The effects of calcium sodium ethylenediaminetetra-acetate (CaNa2EDTA) on the kinetics of distribution and excretion of lead (210Pb) have been studied in rats. When the chelant was given intravenously, at 50 mg./rat daily after a single intravenous injection of 100 μg. lead/rat, it greatly increased the urinary excretion of lead but reduced the faecal excretion. The greatest effects occurred in the rats treated with chelant shortly after the lead injection. When the chelant was given seven or more days after the lead the increase in lead excretion was negligible. CaNa2EDTA mobilized lead from every tissue, but the kinetic analysis of the disappearance of 210Pb showed the presence of two elimination phases. Lead ions weakly bound to the cells were rapidly removed by EDTA, whereas the lead fixed to endocellular constituents was only slowly removed. The chelant did not mobilize lead from bone.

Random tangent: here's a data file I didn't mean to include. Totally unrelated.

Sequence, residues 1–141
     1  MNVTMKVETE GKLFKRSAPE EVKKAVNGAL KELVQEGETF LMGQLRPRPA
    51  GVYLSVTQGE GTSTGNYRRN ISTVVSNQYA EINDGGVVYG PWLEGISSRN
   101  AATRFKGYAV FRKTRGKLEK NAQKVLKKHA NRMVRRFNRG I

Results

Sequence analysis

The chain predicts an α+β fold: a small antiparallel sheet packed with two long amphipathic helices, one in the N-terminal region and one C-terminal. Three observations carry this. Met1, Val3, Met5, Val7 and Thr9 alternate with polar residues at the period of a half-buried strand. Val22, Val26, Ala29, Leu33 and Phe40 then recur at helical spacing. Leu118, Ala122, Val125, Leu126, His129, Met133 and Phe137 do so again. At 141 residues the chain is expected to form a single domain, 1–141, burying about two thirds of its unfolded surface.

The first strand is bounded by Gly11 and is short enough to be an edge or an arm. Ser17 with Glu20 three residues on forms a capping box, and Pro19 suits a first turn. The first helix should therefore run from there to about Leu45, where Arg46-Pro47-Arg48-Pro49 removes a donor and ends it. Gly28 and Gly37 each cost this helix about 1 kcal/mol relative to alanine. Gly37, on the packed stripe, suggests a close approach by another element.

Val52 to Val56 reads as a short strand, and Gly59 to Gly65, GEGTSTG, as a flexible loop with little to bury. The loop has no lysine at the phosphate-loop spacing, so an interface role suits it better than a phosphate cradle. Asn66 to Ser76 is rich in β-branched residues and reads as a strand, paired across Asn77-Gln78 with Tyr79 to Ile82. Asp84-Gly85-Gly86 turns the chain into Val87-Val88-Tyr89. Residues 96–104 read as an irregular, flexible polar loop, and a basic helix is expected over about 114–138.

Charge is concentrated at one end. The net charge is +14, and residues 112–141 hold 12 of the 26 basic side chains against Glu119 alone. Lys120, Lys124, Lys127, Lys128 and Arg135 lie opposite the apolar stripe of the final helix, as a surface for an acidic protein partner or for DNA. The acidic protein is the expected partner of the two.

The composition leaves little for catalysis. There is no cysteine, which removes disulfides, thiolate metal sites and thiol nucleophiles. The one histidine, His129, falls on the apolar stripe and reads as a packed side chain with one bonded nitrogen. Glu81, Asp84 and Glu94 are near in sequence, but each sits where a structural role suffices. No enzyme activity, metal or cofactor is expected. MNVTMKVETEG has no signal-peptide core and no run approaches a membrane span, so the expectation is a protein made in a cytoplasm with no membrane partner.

Probably CaNa2EDTA entered the extravascular space but not the cells. Hence it only accelerated the passage of lead from the cells by lowering the concentration of lead outside them.
210Pb was also given orally in doses of 500 μg. lead/rat. About 18% of the dose was absorbed through the intestine to be distributed in all tissues. Rats treated orally with CaNa2EDTA showed an increase in urinary lead excretion and a reduction in lead fixed in the body.
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